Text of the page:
Thursday, October 20, 2011

Tending our garden

To an astonishing extent, Google really has changed the way the world's information is organized.

A pair of trivial examples:

[1] Liddell-Scott-Jones is the best lexicon of ancient Greek in any language, but I don't always find the search interface to the digital version from the Perseus project to be the easiest navigation system. I recently discovered a simple way to look up an entry in Perseus: type the lemma of the Greek word in Google. Duh.

The point is that Perseus does not — and should not — have to worry about how people search for articles in LSJ as long as the Perseus edition is cleanly organized by article with a recognizably tagged lemma. Since I'm frequently browsing the web from OS X, typing UTF-8 Greek is trivial, thanks to SophoKeys. Perseus does not — and should not — have to worry about keyboard input systems. The digital LSJ was available from Perseus long before Google or SophoKeys came along, but it's more readily usable and that much more valuable to me now because the Perseus project did take responsibility for its area of domain-specific knowledge, and properly organized the contents of the lexicon by article.

[2] urn:cts:greekLit:tlg0012.tlg001 is a URN referring to the Iliad. URNs are not direct addresses like URLs: they are technologically independent (although they follow a machine-parseable syntax). Enter that URN in Google, and you'll probably get some amusingly off-target advertisements for cremation urns, but I scrolled through several pages of Google's hit list without encountering a single irrelevant match.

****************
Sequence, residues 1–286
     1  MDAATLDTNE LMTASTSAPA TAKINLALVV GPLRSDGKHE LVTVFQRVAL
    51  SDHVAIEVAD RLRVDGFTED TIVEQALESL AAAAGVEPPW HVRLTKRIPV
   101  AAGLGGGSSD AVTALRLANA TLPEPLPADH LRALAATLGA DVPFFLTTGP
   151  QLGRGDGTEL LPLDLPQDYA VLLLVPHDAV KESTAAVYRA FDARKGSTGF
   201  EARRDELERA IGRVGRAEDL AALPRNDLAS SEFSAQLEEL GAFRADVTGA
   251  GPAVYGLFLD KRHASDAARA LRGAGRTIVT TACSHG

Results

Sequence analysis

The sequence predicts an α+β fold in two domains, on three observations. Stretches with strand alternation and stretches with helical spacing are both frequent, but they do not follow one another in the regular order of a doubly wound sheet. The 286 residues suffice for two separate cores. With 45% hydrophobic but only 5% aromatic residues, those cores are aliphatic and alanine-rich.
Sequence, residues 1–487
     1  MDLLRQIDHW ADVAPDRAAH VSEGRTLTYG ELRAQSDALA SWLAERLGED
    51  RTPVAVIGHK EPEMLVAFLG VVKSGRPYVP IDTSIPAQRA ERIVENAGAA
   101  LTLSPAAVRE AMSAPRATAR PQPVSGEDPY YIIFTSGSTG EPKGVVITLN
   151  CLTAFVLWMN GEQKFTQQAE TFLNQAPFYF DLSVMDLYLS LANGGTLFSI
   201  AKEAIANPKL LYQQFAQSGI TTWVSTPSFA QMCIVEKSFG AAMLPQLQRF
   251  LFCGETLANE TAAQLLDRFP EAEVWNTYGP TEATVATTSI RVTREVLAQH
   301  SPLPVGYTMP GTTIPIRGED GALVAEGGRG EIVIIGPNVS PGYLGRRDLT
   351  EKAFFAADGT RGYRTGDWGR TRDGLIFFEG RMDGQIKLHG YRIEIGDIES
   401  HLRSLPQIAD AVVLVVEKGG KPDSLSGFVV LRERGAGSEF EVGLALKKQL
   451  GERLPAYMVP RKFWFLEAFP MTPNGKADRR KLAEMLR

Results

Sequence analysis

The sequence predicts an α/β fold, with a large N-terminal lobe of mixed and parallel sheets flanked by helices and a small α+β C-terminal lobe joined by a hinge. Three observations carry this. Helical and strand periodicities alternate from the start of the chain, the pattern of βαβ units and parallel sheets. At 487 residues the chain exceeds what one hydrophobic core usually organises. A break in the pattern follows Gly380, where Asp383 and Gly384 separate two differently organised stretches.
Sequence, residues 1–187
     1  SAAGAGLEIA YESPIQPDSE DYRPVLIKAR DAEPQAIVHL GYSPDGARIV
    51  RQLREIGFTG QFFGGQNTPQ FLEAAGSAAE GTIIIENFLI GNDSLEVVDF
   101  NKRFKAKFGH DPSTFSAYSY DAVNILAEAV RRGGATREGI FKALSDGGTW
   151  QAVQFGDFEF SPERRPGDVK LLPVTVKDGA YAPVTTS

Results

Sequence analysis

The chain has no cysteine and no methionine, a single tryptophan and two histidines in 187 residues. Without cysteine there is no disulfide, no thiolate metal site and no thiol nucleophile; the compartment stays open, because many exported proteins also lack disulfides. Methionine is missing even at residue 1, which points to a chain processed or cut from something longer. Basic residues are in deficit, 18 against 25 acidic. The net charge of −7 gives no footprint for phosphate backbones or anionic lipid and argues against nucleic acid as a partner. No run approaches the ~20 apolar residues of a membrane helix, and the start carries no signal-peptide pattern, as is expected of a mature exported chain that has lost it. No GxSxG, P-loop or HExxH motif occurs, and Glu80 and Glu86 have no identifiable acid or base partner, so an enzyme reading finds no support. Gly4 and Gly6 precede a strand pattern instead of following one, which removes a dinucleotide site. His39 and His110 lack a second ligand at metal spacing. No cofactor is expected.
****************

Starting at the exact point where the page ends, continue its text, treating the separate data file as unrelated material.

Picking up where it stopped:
One implication of these examples is not trivial. If we can publish meaningful units of content in association with canonical identifiers like URNs, we can count on the ever-increasing momentum of the internet to create new ways of discovering and working with that content. Like Pangloss, we need to tend our own garden; Google or others will find it rapidly (whether or not we think that makes for the best of all possible worlds).

Thursday, October 6, 2011

Steve Jobs on building things

Amid today's many recollections of Steve Jobs citing his quotable aphorisms, two particularly caught my attention:

People don't know what they want until you build it.

and related to that theme:

The builders are the real thinkers.

Jobs was immediately referring to engineers and consumers, but the statements are as true in scholarship as they are in any other endeavor.